Everyone has heard of Greta Thunburg and David Attenborough. But they aren’t the only ones speaking out about the importance of climate action.
Meet four activists the Fund supports who are working to address the climate crisis while also protecting the rights of vulnerable communities.
4 Climate Activists You Should Know
Supaporn Malailoy, Thailand
Environmental justice often requires legal action. In Thailand, Supaporn Malailoy and the environmental foundation she co-founded, EnLAW, are leading the way. EnLAW is a group of lawyers and activists that conducts litigation, training, and advocacy, developing with communities the vital tools and knowledge needed to protect their land and natural resources. Supaporn and her team have tackled legislation that eroded existing environmental protections and won landmark cases, including a $1.7 million settlement for a village whose water had been contaminated with lead. EnLAW’s work remains vital, with implementation of the court settlement the next stage of the struggle.
Philippe Ruvunangiza, the Democratic Republic of the Congo (DRC)
To manufacture cell phones, electric cars, and other technologies, companies need minerals such as cobalt. That’s led to a mining boom in the DRC, along with environmental pollution and human rights abuses. Philippe Ruvunangiza is working to protect the DRC’s biodiversity along with the rights of mining communities. As the director of Bureau d’Etudes Scientifiques et Techniques (Office of Scientific and Technical Studies, or BEST), he helps miners receive education and organize to demand safer and more sustainable mining practices, fair compensation, and social responsibility commitments from mining companies and the Congolese government.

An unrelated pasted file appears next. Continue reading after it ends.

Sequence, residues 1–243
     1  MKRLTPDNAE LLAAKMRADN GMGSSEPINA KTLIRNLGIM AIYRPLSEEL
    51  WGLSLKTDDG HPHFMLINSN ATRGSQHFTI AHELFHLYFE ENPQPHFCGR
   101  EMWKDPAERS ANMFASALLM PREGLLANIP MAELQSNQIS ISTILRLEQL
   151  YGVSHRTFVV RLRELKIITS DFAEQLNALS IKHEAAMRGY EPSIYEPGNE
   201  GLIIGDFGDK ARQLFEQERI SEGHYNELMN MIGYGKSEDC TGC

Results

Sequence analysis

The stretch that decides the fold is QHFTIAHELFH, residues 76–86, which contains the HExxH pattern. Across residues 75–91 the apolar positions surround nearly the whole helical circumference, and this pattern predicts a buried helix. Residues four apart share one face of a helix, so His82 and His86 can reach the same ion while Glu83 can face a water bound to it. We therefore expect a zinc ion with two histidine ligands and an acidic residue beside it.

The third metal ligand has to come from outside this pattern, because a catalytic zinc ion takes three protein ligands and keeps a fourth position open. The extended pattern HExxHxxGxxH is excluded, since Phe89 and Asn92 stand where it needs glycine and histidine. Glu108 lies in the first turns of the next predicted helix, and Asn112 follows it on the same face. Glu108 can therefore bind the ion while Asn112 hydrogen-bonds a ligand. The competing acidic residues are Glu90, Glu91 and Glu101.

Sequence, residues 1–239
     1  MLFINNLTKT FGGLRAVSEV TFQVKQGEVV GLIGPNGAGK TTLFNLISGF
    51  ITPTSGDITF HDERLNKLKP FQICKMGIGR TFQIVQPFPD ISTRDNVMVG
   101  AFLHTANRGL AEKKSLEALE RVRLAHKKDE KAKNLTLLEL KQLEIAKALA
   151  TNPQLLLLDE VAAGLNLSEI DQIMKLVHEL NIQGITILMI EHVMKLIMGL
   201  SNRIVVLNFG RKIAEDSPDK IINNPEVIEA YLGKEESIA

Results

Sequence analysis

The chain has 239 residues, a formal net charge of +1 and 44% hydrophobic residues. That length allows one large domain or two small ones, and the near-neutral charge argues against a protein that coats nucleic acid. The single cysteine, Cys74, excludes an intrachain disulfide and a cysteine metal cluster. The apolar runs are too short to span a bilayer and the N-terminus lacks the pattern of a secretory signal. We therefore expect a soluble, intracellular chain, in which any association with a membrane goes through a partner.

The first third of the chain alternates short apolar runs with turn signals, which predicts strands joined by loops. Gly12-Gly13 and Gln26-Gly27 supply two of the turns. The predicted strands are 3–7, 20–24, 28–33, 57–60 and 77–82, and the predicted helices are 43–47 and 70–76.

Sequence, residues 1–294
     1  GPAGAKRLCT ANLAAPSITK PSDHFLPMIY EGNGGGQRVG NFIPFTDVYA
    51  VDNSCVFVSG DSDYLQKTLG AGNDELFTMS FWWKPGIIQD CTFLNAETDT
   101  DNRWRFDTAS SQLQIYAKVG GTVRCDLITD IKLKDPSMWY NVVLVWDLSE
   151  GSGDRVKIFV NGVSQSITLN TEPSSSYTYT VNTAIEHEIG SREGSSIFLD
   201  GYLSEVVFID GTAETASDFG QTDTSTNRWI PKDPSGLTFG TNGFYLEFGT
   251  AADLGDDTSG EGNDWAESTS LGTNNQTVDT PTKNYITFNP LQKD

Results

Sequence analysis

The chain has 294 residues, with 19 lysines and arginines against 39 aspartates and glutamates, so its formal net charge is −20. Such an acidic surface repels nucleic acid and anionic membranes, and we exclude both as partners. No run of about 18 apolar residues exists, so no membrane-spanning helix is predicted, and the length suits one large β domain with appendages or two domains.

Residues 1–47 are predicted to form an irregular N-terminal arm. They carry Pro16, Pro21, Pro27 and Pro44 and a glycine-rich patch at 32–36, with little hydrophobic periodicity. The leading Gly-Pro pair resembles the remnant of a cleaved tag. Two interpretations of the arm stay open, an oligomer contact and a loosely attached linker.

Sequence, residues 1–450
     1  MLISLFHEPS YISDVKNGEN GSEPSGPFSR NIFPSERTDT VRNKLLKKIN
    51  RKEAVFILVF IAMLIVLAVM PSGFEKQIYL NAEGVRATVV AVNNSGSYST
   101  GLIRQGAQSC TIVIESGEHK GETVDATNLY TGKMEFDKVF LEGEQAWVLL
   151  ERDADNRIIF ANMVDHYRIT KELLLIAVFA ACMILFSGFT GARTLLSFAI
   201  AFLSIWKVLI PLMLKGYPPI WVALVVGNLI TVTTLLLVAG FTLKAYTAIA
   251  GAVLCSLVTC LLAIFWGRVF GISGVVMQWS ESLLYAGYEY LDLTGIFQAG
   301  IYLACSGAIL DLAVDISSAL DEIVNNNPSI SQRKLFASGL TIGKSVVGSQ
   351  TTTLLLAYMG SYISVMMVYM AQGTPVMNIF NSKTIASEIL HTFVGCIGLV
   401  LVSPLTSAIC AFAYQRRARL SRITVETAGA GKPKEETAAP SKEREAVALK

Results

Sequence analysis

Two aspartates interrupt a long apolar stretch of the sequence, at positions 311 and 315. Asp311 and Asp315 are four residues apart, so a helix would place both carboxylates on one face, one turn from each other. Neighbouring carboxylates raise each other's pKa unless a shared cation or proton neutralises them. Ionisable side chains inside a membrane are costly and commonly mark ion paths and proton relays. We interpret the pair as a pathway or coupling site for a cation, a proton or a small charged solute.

Juanita Toledo, Guatemala
Women, particularly Indigenous women, play a vital role in protecting their community’s land and natural resources from over-development. Juanita Toledo, a Mayan environmental justice leader, is one of them. Juanita works with Consejo Wuxhtaj, a coalition of Indigenous communities from six municipalities in Guatemala, to make sure that her people are heard when hydroelectric dams or mining projects threaten their communities and the environment. She also leads a women’s initiative to elevate more Indigenous women’s voices in the climate and land rights movements.
Zaybi Abdessalem, Tunisia
Zaybi Abdessalem and the organization he leads, Amal Association for the Environment, are based in Tunisia’s phosphate-rich Gafsa region. Phosphate mining is a critical source of employment. But the local community endures terrible pollution and phosphate workers often have little recourse when they experience abuse on the job. Zaybi and Amal provide legal aid and mediation for phosphate workers and conduct environmental studies to influence policies around reducing pollution. They’re also working to inspire the next generation of environmental defenders by creating environmental clubs in schools.